ODESSA, Ukraine—The Ukrainian government said it had opened talks on evacuating soldiers trapped in the Azovstal steel mill in Mariupol in stages, starting with 38 troops who are severely injured, as the European Union was preparing a proposal to boost funding for Ukraine’s military.
Ukrainian Deputy Prime Minister
said she had met with representatives from the United Nations and the Red Cross who then went to Russia for talks Thursday, with the aim of reaching a deal to evacuate several hundred fighters that Russian forces have surrounded at the plant.
The families of fighters there—which include members of the Azov national guard unit, Ukrainian marines, border guards and police—have waged a public campaign for Kyiv to intensify efforts to save them. Hundreds of civilians have been removed from the Azovstal plant to Ukrainian territory in recent days. Russia has besieged Mariupol for two months and whittled down territory controlled by Ukrainian forces to the Azovstal plant.
“We understand that we need to rescue our guys,” Ms. Vereshchuk said on Ukrainian television late Thursday. In a separate social-media post, she said negotiations were focused on evacuating the 38 severely wounded fighters at the plant.
On Friday, the EU’s top diplomat,
said the bloc planned to add 500 million euros to a fund set up to repay European countries that provide weapons to Ukraine, bringing the total provided by Brussels for weapons deliveries €2 billion. Speaking at a Group of Seven foreign ministers meeting, Mr. Borrell said the money would be spent to help EU countries provide heavy weapons for Ukraine. The decision still needs signoff by member states, and a senior diplomat involved in discussions said Friday that the proposal was still under discussion.
Ukrainian officials have suggested swapping Russian prisoners of war for those Ukrainians trapped at the mill. Ms. Vereshchuk said Turkey was acting as an intermediary in talks.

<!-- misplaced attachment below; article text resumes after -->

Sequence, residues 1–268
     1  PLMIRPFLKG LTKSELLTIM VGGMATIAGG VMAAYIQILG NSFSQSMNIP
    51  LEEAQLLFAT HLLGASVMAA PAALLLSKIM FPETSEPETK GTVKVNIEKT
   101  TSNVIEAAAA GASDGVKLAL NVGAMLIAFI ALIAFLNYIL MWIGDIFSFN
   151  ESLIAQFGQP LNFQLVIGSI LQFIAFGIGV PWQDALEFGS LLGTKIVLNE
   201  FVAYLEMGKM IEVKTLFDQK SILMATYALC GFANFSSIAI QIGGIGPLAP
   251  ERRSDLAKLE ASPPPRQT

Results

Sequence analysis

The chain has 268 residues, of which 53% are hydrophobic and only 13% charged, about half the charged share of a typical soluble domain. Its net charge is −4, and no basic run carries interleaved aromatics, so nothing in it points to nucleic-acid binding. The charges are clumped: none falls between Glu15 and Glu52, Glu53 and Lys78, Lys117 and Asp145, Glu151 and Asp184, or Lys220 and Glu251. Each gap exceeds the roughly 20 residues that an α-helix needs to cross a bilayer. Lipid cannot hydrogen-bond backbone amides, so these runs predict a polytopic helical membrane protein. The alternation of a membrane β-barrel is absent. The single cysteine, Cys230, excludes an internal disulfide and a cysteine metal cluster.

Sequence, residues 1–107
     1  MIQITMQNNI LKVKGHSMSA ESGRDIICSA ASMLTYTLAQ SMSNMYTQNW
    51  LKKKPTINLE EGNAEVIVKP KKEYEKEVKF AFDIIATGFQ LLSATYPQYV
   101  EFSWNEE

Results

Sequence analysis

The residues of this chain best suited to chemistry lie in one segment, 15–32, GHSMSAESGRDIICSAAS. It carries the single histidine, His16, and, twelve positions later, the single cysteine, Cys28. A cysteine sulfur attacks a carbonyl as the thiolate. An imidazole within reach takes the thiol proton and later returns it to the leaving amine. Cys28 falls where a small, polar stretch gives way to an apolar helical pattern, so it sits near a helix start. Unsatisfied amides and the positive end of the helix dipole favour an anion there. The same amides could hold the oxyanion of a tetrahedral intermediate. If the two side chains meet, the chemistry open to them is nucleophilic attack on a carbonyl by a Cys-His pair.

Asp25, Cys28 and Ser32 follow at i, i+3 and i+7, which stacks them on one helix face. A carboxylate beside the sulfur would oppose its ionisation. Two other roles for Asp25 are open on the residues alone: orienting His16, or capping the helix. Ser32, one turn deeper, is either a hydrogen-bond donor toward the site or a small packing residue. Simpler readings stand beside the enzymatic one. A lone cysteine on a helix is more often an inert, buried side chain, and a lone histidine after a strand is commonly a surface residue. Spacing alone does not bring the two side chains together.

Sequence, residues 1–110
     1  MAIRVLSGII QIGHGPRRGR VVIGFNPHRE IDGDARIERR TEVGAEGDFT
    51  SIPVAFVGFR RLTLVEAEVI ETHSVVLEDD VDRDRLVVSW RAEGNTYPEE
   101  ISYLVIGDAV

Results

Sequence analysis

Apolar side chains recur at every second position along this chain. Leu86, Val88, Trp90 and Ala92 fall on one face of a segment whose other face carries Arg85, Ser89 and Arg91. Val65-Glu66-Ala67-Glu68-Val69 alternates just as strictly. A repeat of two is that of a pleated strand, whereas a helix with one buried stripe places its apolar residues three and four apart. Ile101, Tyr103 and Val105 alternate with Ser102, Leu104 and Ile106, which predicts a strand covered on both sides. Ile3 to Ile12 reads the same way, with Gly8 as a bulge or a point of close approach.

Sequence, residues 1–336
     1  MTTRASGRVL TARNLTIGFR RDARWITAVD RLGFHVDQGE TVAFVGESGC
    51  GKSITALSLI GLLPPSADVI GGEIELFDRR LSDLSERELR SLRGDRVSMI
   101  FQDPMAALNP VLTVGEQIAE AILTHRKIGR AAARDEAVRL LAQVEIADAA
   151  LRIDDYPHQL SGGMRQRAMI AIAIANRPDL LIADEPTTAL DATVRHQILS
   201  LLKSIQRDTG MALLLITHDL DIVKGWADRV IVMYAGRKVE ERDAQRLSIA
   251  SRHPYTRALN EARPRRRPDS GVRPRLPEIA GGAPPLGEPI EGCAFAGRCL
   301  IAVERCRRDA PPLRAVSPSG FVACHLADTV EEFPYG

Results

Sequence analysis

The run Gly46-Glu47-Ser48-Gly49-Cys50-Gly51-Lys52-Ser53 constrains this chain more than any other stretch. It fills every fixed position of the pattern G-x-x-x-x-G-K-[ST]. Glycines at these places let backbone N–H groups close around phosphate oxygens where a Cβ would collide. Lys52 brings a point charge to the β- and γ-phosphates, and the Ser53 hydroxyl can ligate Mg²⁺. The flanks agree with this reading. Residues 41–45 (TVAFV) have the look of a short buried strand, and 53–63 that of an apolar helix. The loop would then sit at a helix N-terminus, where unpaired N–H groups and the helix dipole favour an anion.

Russia hasn’t commented on Ukraine’s offers.
Ms. Vereshchuk said Ukraine and Russia are holding roughly the same numbers of prisoners of war, without giving a figure, but that Moscow is also holding around 2,000 Ukrainian civilians—including mayors, local officials and journalists—on Russian territory.
On Friday, a Russian soldier was due to become the first to stand trial for killing an unarmed Ukrainian civilian, the first war-crime case to go to court since Russia’s invasion began.
Ukrainian prosecutors say that Sgt. Vadim Shishimarin shot dead a 62-year-old man in a village in northeastern Ukraine.
In a video posted online by the Ukrainian Security Service, a man identified as the suspect appears to admit to having killed the man after receiving an order to target civilians.
Sgt. Shishimarin’s attorney declined to comment. The Associated Press cited him as saying the soldier hadn’t decided how to plead.
Ukrainian prosecutors say they are investigating more than 10,700 potential war crimes involving more than 600 suspects.
Fighting in the east remained heavy, Ukraine’s military said, adding that it had pushed back Russian attacks.
has refocused Russia’s military campaign on the Donbas areas of eastern Ukraine after failing in his initial attempt to seize Kyiv in March. In addition to parts of Donbas, Russia has captured most of the southern regions of Kherson and Zaporizhzhia and a large part of the Kharkiv region.
Moscow has also sustained heavy losses, failing to conquer any of the major cities in Donbas that Russia didn’t hold at the end of March.
The battlefield setbacks haven’t stopped Mr. Putin from persisting in his plans to seize all or most of Ukraine, according to Ukrainian and U.S. officials. The Russian leader has described the war as a “special operation to protect Donbas,” which he no longer recognizes as part of Ukraine. In 2014, two Russian proxy statelets established the so-called Donetsk and Luhansk people’s republics.
Gen. Valeriy Zaluzhniy, chief of the Ukrainian General Staff, said early Friday that he had spoken by telephone with Gen.
chairman of the U.S. Joint Chiefs of Staff.
Gen. Zaluzhniy said Russia had targeted a large oil refinery in Kremenchuk in central Ukraine with 12 cruise missiles, two of which had been shot down by antiaircraft missiles. He said that Russia was using missiles as its air force had suffered heavy losses and was reluctant to fly missions.
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